Throughout the history of India it was traditionally men who were concerned with improving the status of women. It was not until the late 19th and early 20th centuries that a number of influential women reformers arose. The most notable of these was Pandita Ramabai.
Pandita was born in 1858 into an orthodox Hindu Brahmin family. This upper-caste sect mandated prepubertal marriage for girls and denied women educational opportunities. However, Pandita’s father was a priest, scholar and social reformer who had a liberal, progressive view of the caste system. While traveling on endless pilgrimages throughout India he gave public lectures on the need of women for education. He provided Pandita an extensive formal education with a focus on Sanskrit.
Pandita soon became a famed lecturer who, like her father, championed women’s rights. She had witnessed the suffering of child widows and the uneducated and wanted to help them. Oppressed women became her first call to service.
Life was hard for Pandita and her family, and she eventually lost them all to starvation and disease. Seeking security, she married a Bengali lawyer who was outside her caste.
But her happiness was short-lived. She lost her husband to disease soon after the birth of their daughter. During these difficult times, Pandita turned to Christ mainly because Christ knew no caste system but treated all people as equals.
Her quest for further education took her first to England and then to America. Here she raised money for a widows home. When she returned to India in 1888, she immediately purchased land and established a home she called Mukti, which means “deliverance and salvation.”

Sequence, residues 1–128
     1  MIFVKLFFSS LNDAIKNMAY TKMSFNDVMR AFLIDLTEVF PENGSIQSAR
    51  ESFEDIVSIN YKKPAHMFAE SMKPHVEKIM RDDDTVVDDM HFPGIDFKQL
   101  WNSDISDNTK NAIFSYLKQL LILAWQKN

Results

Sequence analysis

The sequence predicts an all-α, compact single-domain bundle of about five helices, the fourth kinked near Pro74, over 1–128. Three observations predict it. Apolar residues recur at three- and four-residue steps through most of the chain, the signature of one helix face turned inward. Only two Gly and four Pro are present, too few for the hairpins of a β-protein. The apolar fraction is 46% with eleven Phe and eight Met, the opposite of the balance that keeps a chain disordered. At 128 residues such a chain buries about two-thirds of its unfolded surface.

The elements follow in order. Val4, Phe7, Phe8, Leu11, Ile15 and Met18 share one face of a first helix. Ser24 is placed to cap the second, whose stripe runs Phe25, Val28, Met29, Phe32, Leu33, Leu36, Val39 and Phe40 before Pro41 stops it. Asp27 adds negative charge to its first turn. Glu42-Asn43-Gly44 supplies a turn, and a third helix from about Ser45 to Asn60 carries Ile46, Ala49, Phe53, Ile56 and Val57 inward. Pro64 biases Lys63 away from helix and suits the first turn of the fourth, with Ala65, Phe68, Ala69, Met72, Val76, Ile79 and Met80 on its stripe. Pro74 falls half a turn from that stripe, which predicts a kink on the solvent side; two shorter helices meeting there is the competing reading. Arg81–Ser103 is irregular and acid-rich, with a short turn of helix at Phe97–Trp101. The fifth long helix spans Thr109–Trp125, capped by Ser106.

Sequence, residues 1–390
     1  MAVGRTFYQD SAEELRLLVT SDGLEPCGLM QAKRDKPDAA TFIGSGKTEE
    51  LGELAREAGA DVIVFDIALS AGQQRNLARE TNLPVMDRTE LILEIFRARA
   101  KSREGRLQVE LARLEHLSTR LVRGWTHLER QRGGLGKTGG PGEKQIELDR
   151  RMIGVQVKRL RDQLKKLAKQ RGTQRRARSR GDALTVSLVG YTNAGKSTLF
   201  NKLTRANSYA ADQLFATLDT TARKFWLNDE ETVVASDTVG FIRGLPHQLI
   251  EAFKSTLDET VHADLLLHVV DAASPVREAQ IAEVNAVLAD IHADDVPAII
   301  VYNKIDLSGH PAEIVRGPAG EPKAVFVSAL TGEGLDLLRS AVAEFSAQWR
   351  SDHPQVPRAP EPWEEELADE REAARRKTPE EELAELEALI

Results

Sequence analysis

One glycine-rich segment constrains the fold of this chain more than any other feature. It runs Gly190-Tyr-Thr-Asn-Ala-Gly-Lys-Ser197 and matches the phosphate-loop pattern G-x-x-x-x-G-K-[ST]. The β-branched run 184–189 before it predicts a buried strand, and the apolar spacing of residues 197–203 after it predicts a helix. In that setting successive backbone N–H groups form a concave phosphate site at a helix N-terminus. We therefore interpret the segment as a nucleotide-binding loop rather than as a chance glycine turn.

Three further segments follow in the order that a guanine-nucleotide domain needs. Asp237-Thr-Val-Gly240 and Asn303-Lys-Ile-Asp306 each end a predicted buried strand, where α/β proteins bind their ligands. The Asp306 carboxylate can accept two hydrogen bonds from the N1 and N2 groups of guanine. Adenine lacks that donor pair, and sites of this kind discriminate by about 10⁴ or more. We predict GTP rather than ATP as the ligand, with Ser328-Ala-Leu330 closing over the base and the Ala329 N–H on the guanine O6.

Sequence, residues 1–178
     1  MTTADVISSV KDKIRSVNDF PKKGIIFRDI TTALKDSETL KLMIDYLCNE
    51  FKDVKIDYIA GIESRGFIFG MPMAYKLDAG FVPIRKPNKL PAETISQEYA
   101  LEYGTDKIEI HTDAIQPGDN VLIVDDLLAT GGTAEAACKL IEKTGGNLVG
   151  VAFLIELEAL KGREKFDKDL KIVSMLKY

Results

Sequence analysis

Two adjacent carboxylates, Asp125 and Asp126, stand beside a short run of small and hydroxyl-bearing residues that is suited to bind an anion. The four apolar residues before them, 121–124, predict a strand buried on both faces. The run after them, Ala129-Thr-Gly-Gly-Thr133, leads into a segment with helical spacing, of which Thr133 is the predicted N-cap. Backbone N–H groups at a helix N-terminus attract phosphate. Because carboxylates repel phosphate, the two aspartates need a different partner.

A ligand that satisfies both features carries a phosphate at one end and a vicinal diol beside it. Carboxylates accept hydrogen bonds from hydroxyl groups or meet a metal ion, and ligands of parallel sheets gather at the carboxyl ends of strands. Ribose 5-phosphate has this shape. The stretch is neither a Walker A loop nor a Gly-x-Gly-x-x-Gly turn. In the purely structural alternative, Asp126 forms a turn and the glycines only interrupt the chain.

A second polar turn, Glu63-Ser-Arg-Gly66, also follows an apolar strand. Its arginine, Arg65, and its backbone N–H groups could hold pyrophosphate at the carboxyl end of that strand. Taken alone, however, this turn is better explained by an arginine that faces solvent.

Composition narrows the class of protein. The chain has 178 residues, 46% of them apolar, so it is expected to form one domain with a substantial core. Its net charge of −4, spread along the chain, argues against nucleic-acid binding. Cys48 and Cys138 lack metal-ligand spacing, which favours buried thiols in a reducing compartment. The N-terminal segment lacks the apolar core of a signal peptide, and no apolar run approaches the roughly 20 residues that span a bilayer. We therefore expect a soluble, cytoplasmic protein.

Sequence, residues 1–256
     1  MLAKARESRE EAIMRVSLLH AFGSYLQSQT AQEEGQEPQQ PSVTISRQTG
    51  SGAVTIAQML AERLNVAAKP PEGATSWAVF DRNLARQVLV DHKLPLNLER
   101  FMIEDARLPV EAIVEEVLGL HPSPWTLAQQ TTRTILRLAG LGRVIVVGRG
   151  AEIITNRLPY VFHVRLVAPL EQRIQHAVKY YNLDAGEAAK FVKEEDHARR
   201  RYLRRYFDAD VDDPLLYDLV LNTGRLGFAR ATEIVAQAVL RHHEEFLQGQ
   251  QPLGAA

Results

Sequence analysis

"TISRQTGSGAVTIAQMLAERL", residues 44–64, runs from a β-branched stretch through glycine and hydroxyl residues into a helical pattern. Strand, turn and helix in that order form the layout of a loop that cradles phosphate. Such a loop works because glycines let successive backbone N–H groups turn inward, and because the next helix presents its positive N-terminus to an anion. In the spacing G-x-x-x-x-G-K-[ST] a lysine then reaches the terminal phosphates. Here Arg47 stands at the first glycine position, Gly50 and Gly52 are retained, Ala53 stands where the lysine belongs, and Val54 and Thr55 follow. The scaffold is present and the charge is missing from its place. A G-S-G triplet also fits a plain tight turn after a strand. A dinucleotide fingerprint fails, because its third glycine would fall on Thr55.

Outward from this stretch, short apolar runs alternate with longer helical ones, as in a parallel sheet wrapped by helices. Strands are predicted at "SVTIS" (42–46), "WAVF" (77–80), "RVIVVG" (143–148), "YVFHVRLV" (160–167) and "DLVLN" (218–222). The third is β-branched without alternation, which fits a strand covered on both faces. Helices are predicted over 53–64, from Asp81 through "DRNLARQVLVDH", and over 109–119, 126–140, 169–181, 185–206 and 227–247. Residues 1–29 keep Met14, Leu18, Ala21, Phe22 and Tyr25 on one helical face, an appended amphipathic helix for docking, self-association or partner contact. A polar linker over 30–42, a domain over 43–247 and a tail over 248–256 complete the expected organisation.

Against insurmountable odds and great persecution, Pandita trusted God in the running of her mission, where she offered aid to thousands of child widows, orphan girls and outcasts of society. She provided food and clothing as well as educational and vocational training. Mukti was one of the first institutions of its kind to be established in India. Throughout her life Pandita campaigned in India for the rights of widows and women.
In her final years Pandita translated the Bible into the language of Marathi. She died a few days after finishing the translation in 1922. In 1989 the government of India recognized her work and issued a commemorative stamp in her honor. Today the Mukti Mission continues to provide an orphanage, schools, medical services, homes for the unwanted and a church that seats 2,000 people.